Artist Mike Cook of Manzanita, Ore., has donated a sculpture he calls “Earth Warrior Rising” to our Portland office, and really, it has brought great energy and life to our entryway — and our spirits.
The form was originally driven by the energy Mike saw in the barb, claw, thorn, fang, and beak forms in nature — epitomizing raw power, and some of the basic instruments for survival and advancing of life. As the piece developed, Mike was inspired by the children warriors in Chilean writer Roberto Bolano’s 1999 novel Amulet. The piece picked up that warrior energy. To hold the piece, Mike created a hand thrusting up from the waves, which has the feel of a line from Leonard Cohen’s song Suzanne, “Only drowning men could see.” The finish reflects the patched and battered fighter plane skins that appear in comic strips from the 50s.
“This piece is intended to reinforce a collective earth spirit rising up on this planet today. It is a call to battle under a common earth banner, so that the full thrust of life’s voice can be heard,” Mike said.
“I’m especially pleased that this piece has found a home at the Pacific Rivers, Salmon-Safe, and American Rivers office in downtown Portland, amongst its river warriors who are working to redress the persistent violence to our forests and streams,” Mike said.
The piece is 36 inches tall, made of recycled auto hood and exhaust pipe, and finished with lacquer and rust-treated carbonized flame finish on the hand.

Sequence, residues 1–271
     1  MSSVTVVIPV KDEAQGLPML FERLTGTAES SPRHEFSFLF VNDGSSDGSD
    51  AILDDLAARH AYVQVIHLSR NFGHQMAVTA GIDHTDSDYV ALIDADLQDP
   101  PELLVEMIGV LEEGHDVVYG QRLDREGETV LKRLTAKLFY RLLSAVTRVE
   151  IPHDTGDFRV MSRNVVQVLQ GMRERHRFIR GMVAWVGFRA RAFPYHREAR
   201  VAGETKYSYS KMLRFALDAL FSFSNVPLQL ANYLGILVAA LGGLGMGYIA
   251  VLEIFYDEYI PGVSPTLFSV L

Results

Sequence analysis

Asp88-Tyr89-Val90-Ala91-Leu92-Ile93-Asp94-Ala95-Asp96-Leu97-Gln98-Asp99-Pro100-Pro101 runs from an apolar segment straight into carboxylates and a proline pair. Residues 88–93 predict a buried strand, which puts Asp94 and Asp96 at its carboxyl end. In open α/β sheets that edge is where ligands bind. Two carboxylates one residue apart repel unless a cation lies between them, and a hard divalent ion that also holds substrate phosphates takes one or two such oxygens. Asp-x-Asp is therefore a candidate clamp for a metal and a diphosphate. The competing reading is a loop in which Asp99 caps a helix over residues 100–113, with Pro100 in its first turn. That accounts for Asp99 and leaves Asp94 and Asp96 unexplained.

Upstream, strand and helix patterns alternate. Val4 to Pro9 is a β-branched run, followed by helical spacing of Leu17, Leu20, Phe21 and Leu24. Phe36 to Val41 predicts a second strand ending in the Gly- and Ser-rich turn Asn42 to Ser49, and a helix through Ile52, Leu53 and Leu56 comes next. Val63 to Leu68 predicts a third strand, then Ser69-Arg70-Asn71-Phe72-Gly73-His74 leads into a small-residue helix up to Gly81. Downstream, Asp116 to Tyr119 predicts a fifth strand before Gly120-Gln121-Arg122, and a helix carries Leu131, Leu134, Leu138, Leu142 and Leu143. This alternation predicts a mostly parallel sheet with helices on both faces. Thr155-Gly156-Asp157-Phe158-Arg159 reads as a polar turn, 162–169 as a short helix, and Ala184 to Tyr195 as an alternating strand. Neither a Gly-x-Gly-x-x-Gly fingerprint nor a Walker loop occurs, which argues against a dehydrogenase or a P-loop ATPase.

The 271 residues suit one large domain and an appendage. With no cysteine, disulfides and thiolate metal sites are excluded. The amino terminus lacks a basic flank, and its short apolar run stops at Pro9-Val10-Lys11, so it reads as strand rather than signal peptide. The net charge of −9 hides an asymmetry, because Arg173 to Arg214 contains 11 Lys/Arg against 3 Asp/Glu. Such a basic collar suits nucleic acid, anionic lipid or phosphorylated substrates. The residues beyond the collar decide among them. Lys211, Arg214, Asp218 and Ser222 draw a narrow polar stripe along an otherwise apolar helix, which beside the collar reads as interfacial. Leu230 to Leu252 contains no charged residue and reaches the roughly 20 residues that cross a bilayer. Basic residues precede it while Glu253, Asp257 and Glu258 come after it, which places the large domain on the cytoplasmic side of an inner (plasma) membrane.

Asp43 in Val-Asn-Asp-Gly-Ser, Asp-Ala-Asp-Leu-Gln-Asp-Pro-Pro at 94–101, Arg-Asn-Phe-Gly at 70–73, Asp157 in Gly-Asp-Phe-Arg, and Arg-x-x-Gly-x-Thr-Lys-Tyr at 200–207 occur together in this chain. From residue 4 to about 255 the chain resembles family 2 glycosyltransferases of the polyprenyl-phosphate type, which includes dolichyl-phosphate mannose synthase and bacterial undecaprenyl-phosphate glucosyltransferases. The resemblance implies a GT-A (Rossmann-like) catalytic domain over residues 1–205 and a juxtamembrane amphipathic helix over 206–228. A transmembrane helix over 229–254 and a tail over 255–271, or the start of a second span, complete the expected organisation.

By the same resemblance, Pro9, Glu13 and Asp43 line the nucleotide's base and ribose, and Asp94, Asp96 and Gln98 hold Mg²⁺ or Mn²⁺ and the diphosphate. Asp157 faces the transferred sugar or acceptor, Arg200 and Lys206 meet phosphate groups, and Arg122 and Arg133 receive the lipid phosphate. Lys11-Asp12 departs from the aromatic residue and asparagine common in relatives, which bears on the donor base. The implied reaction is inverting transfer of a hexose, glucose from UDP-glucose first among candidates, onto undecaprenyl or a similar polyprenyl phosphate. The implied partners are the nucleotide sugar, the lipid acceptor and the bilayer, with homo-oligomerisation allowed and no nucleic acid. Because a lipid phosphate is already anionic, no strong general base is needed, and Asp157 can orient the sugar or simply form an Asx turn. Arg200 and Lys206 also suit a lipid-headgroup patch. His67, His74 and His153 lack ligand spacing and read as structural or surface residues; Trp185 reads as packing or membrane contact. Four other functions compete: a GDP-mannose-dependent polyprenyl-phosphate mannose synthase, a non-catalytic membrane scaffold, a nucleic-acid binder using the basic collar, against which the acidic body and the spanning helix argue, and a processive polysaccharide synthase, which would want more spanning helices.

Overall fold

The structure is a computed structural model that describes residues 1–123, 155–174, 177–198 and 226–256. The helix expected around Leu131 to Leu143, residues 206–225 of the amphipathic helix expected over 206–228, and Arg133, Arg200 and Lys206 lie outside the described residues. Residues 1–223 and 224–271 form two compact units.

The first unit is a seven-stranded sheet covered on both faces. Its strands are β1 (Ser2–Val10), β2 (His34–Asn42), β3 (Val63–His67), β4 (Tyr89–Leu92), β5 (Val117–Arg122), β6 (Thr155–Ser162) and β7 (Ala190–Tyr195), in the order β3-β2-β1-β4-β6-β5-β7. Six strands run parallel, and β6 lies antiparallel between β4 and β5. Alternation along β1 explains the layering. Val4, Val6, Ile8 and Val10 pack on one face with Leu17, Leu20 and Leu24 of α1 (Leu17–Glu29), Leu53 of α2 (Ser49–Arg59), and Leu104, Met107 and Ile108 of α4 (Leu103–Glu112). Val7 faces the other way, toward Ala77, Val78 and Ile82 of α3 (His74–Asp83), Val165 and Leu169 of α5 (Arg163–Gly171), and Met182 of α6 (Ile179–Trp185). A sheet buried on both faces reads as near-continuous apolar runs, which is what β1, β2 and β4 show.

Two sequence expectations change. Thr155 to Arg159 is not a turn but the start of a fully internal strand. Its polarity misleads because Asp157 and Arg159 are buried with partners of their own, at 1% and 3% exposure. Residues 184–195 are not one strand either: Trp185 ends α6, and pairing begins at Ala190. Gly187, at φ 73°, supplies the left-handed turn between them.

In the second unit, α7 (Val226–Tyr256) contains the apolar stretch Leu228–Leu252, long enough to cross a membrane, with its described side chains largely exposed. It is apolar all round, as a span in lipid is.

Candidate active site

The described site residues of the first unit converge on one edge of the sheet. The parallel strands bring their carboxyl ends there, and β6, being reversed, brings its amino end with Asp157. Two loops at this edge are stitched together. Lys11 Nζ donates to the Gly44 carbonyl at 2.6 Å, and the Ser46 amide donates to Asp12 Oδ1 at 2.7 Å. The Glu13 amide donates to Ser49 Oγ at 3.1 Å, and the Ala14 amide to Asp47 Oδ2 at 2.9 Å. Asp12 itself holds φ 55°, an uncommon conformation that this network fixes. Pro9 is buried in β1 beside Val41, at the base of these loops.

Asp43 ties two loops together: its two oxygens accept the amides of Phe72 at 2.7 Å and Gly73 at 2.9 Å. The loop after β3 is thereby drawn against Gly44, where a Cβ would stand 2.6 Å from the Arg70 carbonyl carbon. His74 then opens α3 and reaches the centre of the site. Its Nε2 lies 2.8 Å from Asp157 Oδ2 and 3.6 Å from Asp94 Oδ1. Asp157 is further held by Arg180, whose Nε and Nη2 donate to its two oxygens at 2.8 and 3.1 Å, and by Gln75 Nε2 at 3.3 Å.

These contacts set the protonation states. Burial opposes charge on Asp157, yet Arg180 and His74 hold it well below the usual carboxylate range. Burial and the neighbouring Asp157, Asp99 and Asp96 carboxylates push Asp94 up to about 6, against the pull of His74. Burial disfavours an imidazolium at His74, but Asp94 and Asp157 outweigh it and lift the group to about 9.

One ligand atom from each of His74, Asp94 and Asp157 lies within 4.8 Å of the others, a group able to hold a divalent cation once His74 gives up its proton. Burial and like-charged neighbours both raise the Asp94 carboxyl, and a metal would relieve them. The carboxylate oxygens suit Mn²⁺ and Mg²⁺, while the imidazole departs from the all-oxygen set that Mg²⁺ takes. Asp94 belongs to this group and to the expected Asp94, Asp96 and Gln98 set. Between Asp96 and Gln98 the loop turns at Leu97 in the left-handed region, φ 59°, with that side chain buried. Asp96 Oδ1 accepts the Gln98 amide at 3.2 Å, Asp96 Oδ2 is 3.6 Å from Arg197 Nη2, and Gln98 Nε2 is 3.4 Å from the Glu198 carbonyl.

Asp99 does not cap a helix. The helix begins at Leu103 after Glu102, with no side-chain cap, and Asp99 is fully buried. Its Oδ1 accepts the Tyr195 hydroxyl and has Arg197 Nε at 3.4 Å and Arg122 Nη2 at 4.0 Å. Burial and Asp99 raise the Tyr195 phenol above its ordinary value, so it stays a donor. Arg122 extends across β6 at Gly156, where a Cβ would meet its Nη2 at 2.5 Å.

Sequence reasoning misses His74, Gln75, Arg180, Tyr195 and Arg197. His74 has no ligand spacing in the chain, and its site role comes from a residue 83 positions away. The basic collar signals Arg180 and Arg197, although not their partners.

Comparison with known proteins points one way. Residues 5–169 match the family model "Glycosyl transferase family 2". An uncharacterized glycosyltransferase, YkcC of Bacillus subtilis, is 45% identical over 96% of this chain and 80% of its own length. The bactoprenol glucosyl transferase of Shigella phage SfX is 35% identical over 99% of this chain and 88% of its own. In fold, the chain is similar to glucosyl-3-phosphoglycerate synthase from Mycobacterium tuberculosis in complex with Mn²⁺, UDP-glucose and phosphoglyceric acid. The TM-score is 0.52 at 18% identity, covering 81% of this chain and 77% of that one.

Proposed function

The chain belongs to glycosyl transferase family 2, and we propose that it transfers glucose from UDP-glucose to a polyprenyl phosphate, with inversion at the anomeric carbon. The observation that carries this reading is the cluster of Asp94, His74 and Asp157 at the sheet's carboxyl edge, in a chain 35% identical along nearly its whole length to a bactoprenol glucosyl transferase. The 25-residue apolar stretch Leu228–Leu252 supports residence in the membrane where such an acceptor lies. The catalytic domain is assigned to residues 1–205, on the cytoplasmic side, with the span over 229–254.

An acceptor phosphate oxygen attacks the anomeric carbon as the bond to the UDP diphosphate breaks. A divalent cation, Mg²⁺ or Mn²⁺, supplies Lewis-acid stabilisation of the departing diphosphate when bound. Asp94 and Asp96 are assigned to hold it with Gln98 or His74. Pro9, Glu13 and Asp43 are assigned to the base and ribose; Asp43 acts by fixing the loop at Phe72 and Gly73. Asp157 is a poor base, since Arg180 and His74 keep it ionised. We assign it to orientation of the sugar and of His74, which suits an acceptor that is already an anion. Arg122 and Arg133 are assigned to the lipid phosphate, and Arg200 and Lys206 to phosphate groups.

About Mike Cook
Born in 1942, Mike graduated in architecture from UC Berkeley, with a career in public and corporate project and facility management. In that context, he managed Mentor Graphics’ extensive arts collection and public arts projects for the Portland Development Commission, including the design for Pioneer Courthouse Square. Entering retirement, he began his arts practice with life drawing and painting, leading to work in sculpture.
His work can be found in businesses, institutions and homes throughout the Northwest. Mike uses recycled steel, applying conceptual approaches to social, environmental and psychological themes. Driven by early confidence from environmental advocacy and human potential work, his art is now focusing on climate recovery and stewardship. He is interviewed on the international Artists and Climate Change website. Mike lives with his photographer wife, Linda, in Manzanita, Ore. To see his other work, click here.
Thank you, Mike!